Your hands will thank you because regular pot holders will NOT work. Your lids and handles will be way too hot for them not only due to the heat of the fire, but also the heated cast iron.
Ask me how I know. 😉
Finally, having an outdoor grill or cooking grate like this one and a cast iron tripod like this one can make things easier for you. They are not absolutely necessary, but they will make your campfire cooking much simpler in that they keep your cookware off a direct flame or hot coals.
Different Methods of Cooking Over a Fire
Cast iron isn’t the only way you can cook on a fire. It is however the most common.
You can also do a spit roast for meat or you could use roasting sticks like these. They’re good for more than just marshmallows; especially meat such as brats and hot dogs or these camping shish kabob recipes.
You can also roast meat by burying it with hot coals or use a grilling basket like this one.
The best method for campfire cooking really will just depend on exactly what you’re cooking.
Steps to Successful Campfire Cooking
Now that you know what you’ll need to cook on a fire and why you should use it, we can get to the actual cooking method of cooking on an fire.
Cooking on a campfire is a lot like cooking on a charcoal grill in that you’ll start with a well built fire and allow it to die down. You can start your fire a couple different ways depending on your situation.
If you have a lighter and charcoal, obviously you can start it that way. If not, you’ll need something flammable to hold the flame while you build the fire itself. One very simple method is to use plain cotton balls covered in petroleum jelly like this. A chimney start can also be an option if you know how to use one.
Build your flame until it’s hot and burning well then allow it to burn down until all you have its hot coals. Do not make the same mistake I did my first time campfire cooking and try to cook while there is still a flame.
All that results in is Cajun style but it ain’t the kind of Cajun style we all love.
All you’re looking for is those hot, orange coals. Those will be what provides the heat to cook your meal.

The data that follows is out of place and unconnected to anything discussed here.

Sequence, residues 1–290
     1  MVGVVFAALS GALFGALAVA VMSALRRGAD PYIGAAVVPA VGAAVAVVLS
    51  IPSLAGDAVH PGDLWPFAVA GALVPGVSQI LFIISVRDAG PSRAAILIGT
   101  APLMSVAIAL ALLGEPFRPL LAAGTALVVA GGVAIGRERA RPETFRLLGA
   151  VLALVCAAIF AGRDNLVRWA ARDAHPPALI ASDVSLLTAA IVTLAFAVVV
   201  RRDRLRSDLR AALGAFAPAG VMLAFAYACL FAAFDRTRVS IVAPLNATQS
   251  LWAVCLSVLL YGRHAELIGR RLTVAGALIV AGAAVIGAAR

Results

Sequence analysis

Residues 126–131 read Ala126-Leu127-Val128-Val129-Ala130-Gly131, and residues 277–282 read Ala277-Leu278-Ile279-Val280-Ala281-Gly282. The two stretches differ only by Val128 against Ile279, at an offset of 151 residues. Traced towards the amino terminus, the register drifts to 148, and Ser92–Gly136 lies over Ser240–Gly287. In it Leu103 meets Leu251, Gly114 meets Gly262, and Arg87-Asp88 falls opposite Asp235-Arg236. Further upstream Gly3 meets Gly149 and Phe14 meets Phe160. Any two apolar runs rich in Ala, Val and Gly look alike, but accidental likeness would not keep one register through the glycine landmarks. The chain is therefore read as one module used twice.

How to Use a Cast Iron Skillet on a Campfire
Once your fire has died down to coals, it’s time to cook!
You can either use a cast iron cooking grate like this one if you want your skillet kept off the coals, or you can simply place your skillet directly on top of them. If you are using cast iron, it won’t matter much which you do other than one requires more cleaning than the other.
Watch your food carefully as it will burn far easier than on a stove.
If you are using a Dutch oven, place your food in the Dutch oven, place it in the fire, then place hot coals on the lid. Placing hot coals on the lid allows it to heat not only from the bottom, but from the top as well so you get a more even heat and don’t end up with your favorite camping recipes only partially cooked.
Speaking of camping recipes, here is my favorite!
Campfire Chicken Stew
- 1 Whole chicken OR
- 3 lbs Boneless skinless chicken breast
- 3 large Apples Sweet Variety with peels on
- 6 large Russet potatoes scrubbed with peels on
- 4-5 large Carrots washed, peeled and chopped into bite sized pieces
- 1 ½ large White onion quartered with layers separated
- 1-2 whole Garlic bulbs peeled
- Black Pepper
- Wash the chicken and pat dry. Season liberally with salt and pepper. Chop and prepare all other ingredients except the carrots.
- Add all ingredients except carrots to the Dutch oven.
- Cover with water.
- Place lid on dutch oven and move to hot coals. Cover lid in hot coals as well.
- When chicken has cooked for four hours, add carrots and replace lid with coals.
- Continue to cook until carrots are soft or up to two more hours. Serve hot.
Try it. Truuuust me. It’s ridiculously simple but tastes amazing!
Campfire cooking or just cooking on a fire in general might sound super difficult, but once you have the hang of it, you’ll find that you do it by memory most of the time. However, I do recommend that once you’ve got your cooking items, you get out into the back yard and get some practice.
Not only will you make an amazing meal for your family, but your kids will think you’re even more impressive.